To Encourage Open-Source Technology Solutions, DHS Awards $1.5 million for Passenger Screening Algorithm Challenge

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On July 9, 2018, the Department of Homeland Security (DHS) Science and Technology Directorate (S&T) in conjunction with the U.S. Transportation Security Administration (TSA) announced eight winners of the Passenger Screening Algorithm Challenge. Contestants were challenged to develop automated algorithms that will lower false alarm rates at airport checkpoints. The eight prizes, totaled $1.5 million and ranged from $500,000 to $100,000. 

​About the Competition 

​The competition was held in two stages. As part of the first stage, contestants were challenged to develop an algorithm that analyzed 1,000 volunteer passenger images hosted in a variety of different formats. Contestants who made it to the second stage where challenged to replicate the analysis, but with a much larger dataset. The winners of the competition will have their algorithms used alongside existing systems to undergo testing and evaluation. Ultimately, DHS S&T and TSA hope to utilize these algorithms at airport security checkpoints soon in the future. 

​Why it was Launched

TSA and DHS sponsored the Passenger Screening Algorithm Challenge to identify non-proprietary algorithms that can “improve speed, detection of prohibited items, and accuracy” in both Government-developed and Original Equipment Manufacturer-developed (OEM) screening equipment. The competition is part of the DHS S&T Apex Screening at Speed (SaS) program. Through non-traditional procurement methods, and creative research, DHS and TSA hope to find screening solutions that can be implemented within five years, which will help TSA operate more efficiently and securely, while minimizing inconvenience to passengers. Apex SaS envisions an environment where 300 passengers and their carry-on luggage are scanned per lane per hour. Both DHS and TSA want Agents spending less time reviewing images, and more time observing and assisting passengers.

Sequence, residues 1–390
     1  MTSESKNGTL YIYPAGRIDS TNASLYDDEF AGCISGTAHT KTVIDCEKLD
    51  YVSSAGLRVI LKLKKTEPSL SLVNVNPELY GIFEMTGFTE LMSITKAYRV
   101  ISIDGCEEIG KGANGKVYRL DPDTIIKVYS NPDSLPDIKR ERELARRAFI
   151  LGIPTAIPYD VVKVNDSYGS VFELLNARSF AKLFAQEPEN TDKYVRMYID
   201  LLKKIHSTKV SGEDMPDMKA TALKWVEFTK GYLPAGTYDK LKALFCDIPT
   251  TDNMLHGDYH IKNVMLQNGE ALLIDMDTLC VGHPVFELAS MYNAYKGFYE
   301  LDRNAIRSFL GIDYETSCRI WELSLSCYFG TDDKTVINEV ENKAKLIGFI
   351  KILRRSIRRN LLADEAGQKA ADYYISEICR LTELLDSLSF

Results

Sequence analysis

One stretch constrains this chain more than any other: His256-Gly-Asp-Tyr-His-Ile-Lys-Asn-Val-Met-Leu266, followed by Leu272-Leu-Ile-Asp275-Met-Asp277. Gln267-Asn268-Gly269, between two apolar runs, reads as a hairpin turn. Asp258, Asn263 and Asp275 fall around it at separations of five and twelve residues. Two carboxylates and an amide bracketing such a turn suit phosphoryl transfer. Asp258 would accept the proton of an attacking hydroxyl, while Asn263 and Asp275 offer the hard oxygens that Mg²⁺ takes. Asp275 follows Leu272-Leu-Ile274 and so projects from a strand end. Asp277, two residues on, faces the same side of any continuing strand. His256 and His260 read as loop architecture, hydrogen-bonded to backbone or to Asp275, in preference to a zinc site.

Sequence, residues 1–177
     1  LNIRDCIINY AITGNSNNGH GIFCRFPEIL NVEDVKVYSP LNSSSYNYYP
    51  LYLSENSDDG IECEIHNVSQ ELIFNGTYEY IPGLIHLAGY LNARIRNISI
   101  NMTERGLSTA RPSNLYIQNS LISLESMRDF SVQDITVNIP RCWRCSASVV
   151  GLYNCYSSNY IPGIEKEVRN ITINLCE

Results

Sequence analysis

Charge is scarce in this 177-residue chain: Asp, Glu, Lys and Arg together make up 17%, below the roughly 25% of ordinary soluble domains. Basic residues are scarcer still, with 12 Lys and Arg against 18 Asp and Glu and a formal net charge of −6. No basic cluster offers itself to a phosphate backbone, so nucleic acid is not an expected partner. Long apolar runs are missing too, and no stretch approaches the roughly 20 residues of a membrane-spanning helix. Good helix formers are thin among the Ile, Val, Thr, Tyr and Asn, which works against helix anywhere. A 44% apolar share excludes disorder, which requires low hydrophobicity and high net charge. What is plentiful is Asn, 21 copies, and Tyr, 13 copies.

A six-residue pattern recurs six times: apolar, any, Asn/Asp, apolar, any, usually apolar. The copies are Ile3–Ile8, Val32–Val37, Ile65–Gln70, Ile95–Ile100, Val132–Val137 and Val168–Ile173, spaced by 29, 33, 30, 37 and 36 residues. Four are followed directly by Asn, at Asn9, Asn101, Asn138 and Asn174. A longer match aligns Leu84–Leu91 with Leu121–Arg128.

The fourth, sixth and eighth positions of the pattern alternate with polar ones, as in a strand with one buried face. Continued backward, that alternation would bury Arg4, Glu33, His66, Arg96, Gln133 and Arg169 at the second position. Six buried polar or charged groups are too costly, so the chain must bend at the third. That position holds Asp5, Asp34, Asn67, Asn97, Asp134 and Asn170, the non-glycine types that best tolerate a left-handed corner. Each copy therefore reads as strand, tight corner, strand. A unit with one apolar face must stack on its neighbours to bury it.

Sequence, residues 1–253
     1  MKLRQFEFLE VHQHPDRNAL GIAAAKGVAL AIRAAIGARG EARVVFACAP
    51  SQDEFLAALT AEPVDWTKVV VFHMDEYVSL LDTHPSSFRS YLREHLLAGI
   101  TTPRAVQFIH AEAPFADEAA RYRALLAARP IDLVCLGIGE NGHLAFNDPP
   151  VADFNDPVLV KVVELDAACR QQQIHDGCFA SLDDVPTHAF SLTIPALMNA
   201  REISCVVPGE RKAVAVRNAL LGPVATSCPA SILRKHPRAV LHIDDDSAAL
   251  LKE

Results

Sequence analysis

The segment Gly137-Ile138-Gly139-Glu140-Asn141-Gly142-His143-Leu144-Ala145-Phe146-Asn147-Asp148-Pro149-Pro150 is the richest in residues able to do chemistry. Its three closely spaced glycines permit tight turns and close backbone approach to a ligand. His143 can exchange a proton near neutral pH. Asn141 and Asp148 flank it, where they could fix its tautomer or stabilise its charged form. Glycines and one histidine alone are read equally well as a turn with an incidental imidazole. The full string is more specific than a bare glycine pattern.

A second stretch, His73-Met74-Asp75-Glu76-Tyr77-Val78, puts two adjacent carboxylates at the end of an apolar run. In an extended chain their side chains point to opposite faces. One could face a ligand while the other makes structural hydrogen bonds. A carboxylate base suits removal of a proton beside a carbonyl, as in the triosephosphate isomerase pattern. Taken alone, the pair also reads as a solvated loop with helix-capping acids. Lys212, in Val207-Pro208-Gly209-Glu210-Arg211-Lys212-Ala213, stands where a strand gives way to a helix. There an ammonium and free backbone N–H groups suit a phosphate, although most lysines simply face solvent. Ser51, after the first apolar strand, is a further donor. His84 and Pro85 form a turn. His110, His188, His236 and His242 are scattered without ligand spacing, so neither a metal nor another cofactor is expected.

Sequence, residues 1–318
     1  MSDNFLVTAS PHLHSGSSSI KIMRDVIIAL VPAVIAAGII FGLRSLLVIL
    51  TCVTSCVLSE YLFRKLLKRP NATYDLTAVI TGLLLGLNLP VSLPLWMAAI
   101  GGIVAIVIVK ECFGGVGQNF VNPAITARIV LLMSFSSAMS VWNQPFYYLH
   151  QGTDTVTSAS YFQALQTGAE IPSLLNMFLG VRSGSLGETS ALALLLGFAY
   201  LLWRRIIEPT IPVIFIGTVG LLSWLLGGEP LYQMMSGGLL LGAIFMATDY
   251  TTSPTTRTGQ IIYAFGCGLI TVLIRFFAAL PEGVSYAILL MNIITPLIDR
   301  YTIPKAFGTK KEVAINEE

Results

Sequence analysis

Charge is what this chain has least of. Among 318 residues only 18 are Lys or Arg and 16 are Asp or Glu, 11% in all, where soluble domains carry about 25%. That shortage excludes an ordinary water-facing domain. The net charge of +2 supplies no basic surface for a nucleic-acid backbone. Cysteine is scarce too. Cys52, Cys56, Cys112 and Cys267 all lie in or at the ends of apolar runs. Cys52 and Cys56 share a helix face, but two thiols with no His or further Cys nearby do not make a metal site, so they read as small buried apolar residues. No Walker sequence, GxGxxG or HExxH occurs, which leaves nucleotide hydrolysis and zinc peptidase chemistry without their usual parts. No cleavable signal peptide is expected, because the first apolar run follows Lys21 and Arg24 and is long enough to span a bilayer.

TSA attributes delays at its airport security checkpoints in part to the performance of its current detection algorithms and their procurement process. TSA currently purchases algorithms exclusively from the manufacturers of its scanning equipment and has complained that these algorithms are expensive and often take a while to be fully released to the agency. Additionally, the proprietary nature of the algorithms means that changing them to fit new screening or threat detection requirements is challenging often  must be performed by the OEM on the equipment itself. Contestants are thus challenged to develop open-source solutions to these challenges and help DHS/TSA discover “new, non-traditional performers that might otherwise be overlooked”.

Open Source Code

​The U.S. Government has been making more of their source-code public to encourage improvements through collaboration among the public and between government agencies.  By making the code open-source, agencies can identify potential reuse of existing code and not have to use funding to develop similar code. As part of this movement, the U.S. Government launched a website that makes available a portion of the U.S. Government’s code. The Federal Government’s open source code policyis also available for anyone to read. 

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